Thursday 23 November 2017

Lebanon's Hezbollah wants U.S. envoy questioned on spies

Lebanon's Hezbollah wants the government to question the American ambassador in Beirut after the militant group revealed what it said were the names of CIA operatives operating under diplomatic cover.

Lebanon's Hezbollah wants U.S. envoy questioned on spies

A parliamentarian representing the Shi'ite political party and guerrilla movement told Reuters on Wednesday that placing spies in a diplomatic mission violated international law.

"Hezbollah calls on the government to question the U.S. ambassador in Beirut over this aggression and to put a stop to American diplomats' constant violations of Lebanese sovereignty," said Hassan Fadlallah, head of communications for Hezbollah's parliamentary bloc.

"The law should apply ... to American diplomats just as it does to any other embassy in Lebanon."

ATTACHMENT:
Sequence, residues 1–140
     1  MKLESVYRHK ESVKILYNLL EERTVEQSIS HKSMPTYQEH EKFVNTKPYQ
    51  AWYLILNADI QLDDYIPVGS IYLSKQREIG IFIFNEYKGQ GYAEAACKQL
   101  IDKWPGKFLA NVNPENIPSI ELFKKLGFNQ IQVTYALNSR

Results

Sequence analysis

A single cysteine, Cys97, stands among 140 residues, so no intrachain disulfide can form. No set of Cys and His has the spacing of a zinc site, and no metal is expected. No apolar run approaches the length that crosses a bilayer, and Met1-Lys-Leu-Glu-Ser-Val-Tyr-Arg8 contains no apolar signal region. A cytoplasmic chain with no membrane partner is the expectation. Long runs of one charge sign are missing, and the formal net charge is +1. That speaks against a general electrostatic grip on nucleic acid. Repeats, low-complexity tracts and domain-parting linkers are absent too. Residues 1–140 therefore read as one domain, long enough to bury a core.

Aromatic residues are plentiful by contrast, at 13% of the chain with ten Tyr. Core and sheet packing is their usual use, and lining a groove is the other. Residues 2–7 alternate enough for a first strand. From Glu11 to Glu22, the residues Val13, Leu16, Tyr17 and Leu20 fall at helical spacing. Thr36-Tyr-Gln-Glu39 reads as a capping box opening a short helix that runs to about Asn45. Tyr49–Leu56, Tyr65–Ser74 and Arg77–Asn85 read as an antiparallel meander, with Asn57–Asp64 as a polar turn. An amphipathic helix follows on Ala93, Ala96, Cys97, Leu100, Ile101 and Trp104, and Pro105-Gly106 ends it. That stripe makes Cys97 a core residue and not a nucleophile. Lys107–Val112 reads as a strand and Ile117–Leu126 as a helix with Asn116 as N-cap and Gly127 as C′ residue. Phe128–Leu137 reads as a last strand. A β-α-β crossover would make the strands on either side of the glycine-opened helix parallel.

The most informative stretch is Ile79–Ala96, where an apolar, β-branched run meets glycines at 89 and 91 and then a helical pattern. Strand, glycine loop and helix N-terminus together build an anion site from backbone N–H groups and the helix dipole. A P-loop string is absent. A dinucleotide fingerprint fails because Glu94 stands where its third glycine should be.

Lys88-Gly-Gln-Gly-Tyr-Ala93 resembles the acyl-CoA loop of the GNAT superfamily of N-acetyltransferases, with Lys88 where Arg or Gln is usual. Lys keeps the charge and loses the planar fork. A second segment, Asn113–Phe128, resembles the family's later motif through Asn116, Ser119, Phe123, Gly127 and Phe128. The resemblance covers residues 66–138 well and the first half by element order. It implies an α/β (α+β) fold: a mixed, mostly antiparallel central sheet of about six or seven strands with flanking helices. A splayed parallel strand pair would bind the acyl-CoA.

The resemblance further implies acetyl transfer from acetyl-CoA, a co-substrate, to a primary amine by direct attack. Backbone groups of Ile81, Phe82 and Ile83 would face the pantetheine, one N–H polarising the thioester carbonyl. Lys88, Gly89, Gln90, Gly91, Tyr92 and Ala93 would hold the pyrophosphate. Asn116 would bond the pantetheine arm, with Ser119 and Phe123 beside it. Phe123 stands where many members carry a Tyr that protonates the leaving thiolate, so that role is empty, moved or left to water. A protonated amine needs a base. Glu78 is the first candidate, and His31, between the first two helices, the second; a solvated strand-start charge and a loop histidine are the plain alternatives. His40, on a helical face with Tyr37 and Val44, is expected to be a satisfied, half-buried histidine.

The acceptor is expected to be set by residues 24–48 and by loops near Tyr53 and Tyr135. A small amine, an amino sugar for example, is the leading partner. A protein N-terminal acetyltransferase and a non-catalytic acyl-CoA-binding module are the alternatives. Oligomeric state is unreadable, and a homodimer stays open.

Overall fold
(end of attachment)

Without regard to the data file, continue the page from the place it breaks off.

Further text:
Hezbollah, which sits in the Lebanese government, named alleged U.S. undercover operatives on its television channel, al-Manar, in a series of animated videos aired on Friday that recreated supposed meetings between CIA officers and informants.

The U.S. embassy has declined to comment on the allegations but if true they would highlight the capabilities of Hezbollah in its espionage battle with the Central Intelligence Agency.

The group, backed by Iran and Syria, said in June it had uncovered and captured three spies among its members, two of whom had been recruited by the CIA. U.S. officials later acknowledged that the loss of such informants was damaging to U.S. intelligence gathering.

Washington considers Hezbollah a terrorist group, and accuses Iran of developing a nuclear weapon and sponsoring attacks on U.S. troops in Iraq.

In a report released on its website, Hezbollah said it had uncovered more than 10 operatives and the station chief, adding that "a den of spies has penetrated all diplomatic relations" at the U.S. embassy.

It said the spies used false names and met informants at American chain restaurants.

"Does the information the CIA was trying to obtain about the resistance, its officials, weapons and structures concern U.S. national security?" Fadlallah asked. "Or is it only for Israeli interests? This spying does not serve the American people's interests."

In 1985, the Islamic Jihad group, allied with Hezbollah, kidnapped, tortured and killed the CIA's Beirut station chief, William Buckley.